In March, four Democratic U.S. Senators, Harry Reid, D-Utah, Chuck Schumer, D-N.Y., Frank Lautenberg, D-N.J., and Tom Udall, D-N.M., drafted a letter requesting that Apple, Google and Research in Motion (or RIM) eliminate the applications (user-friendly computer programs for specific tasks) on mobile communication devices that warn drivers of the locations of drunk-driving checkpoints.
The next day, RIM, the manufacturer of the BlackBerry agreed to the removal of driving-under-the-influence (DUI/DWI) checkpoint functionality on its BlackBerry devices.
Google later responded that it did not remove apps for any reason other than violations of the Android content policies.
Apple did not issue a public response to the request.
PhantomALERT Checkpointer Mr. DUI Buzzed Fuzz Alert
These apps, which work on smartphones and most GPS devices, provide alerts to warn drivers of impending speed traps, red-light cameras, railroad crossings and school zones.
Many of the programs use reports from other drivers to maintain the currency of the information. The DUI/DWI checkpoint warnings, however, sparked the interest of the senators who noted in their letter to the tech companies:
“We appreciate the technology that has allowed millions of Americans to have information at their fingertips, but giving drunk drivers a free tool to evade checkpoints, putting innocent families and children at risk, is a matter of public concern. We hope that you will give our request to make these applications unavailable immediate consideration.”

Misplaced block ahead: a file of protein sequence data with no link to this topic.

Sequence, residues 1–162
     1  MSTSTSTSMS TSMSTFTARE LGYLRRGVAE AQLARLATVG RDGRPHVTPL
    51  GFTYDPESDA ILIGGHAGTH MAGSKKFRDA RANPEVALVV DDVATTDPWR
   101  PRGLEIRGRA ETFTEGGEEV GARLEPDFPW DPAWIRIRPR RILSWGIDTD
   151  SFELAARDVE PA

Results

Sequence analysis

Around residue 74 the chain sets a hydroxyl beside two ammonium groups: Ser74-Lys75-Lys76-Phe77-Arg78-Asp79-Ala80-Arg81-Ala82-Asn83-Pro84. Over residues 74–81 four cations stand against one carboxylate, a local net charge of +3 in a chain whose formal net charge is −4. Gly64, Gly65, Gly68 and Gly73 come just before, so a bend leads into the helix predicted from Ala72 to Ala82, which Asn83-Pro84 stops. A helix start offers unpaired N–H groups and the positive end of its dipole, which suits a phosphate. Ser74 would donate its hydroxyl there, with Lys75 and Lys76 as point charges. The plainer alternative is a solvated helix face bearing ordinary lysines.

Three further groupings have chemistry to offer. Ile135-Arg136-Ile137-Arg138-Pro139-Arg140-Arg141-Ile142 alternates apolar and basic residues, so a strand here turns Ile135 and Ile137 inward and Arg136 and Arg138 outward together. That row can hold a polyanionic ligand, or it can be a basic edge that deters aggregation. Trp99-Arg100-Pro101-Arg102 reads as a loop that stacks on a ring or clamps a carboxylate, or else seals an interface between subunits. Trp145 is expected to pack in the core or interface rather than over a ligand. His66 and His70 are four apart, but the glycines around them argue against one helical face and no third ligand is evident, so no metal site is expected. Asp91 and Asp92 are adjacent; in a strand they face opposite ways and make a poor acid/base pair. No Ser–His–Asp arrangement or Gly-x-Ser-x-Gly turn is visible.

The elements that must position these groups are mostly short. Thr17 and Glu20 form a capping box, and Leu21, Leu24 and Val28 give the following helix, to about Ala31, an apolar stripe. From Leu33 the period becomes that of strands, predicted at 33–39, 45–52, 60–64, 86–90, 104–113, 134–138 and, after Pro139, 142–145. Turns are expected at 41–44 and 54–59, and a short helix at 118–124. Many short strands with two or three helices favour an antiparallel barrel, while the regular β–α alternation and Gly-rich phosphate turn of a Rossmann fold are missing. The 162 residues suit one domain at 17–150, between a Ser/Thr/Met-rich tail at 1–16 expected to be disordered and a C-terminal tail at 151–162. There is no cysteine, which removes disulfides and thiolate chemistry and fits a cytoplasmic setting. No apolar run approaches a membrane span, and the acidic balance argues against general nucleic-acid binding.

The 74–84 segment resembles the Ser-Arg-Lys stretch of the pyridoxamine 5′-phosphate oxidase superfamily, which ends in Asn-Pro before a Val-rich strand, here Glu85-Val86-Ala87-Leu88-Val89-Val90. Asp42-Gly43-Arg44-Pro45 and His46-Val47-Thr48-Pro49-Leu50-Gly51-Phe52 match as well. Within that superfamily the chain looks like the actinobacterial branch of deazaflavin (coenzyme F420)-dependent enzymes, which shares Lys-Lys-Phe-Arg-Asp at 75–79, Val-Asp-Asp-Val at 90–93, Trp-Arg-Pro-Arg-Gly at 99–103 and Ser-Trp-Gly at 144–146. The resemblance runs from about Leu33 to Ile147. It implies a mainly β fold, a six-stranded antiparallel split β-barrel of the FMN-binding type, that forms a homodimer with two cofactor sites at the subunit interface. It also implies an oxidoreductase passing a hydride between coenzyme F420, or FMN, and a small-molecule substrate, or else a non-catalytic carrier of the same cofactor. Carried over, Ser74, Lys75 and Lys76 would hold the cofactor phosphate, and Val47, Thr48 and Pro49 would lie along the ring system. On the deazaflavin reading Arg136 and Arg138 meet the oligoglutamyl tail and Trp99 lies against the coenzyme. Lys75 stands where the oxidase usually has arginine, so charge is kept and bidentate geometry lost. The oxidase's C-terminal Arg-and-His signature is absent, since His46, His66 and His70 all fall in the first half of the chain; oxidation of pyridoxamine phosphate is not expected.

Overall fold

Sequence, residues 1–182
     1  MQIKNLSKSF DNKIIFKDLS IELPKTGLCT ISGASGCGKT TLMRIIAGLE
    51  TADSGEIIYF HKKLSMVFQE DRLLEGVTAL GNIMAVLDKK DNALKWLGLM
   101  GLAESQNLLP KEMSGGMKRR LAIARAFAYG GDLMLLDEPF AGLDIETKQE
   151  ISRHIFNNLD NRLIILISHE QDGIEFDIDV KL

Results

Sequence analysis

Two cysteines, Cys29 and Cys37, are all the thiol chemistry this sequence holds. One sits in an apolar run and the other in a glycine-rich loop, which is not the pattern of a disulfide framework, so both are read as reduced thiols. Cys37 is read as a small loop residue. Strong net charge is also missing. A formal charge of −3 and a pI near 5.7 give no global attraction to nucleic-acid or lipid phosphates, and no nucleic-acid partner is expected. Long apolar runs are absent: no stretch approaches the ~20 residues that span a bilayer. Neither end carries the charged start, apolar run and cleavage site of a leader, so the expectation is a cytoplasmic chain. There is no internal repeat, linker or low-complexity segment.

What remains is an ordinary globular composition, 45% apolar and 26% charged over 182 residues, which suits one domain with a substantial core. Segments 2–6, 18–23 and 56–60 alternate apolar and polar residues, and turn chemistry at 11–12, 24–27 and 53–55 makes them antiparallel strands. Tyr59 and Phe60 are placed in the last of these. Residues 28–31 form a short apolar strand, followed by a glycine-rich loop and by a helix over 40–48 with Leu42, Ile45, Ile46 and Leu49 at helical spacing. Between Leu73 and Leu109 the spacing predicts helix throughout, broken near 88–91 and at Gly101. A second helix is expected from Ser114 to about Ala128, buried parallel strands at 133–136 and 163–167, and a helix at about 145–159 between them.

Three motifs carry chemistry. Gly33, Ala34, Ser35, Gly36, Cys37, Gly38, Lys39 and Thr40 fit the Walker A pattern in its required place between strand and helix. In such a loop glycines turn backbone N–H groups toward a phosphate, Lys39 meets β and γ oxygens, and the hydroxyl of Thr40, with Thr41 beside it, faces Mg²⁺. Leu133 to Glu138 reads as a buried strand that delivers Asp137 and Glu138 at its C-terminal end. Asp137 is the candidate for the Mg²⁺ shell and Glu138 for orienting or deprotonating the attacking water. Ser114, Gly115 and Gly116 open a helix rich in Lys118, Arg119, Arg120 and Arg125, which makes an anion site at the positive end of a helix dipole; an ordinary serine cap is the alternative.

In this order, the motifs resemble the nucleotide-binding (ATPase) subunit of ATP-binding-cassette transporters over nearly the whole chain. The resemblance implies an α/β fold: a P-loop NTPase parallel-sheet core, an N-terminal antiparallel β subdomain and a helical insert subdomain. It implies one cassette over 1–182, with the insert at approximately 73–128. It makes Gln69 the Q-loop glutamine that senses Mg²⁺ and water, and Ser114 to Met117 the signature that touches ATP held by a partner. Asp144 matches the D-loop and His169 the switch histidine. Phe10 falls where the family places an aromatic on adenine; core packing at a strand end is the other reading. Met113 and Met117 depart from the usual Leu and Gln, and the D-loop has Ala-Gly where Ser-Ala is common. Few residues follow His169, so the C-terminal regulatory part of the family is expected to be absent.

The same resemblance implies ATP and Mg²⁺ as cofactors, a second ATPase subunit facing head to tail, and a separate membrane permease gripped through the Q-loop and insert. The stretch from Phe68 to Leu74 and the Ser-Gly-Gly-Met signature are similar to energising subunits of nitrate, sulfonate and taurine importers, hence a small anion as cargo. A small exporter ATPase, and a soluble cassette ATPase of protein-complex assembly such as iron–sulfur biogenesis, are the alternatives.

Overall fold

Are All of These Apps Bad?
The USA Today story that first brought the apps to the attention of the senators, mentions that not all law enforcement sees these warnings as a bad thing. USA Today quotes Officer Brian Walters from Virginia Beach, Va., who is responsible for the city’s red-light camera program, felt the applications might be helpful: “I’m all for them,” he says.
“A couple of GPS companies have sent me requests to verify and validate where our cameras are. I helped them.” He says the devices and apps make drivers more aware while driving. “If that’s what gets them to comply, that’s fine,” he says.
The story also quotes a driver who thinks using his GPS with the PhantomAlert app makes him a better driver because the alerts force him to pay better attention to his driving and his surroundings.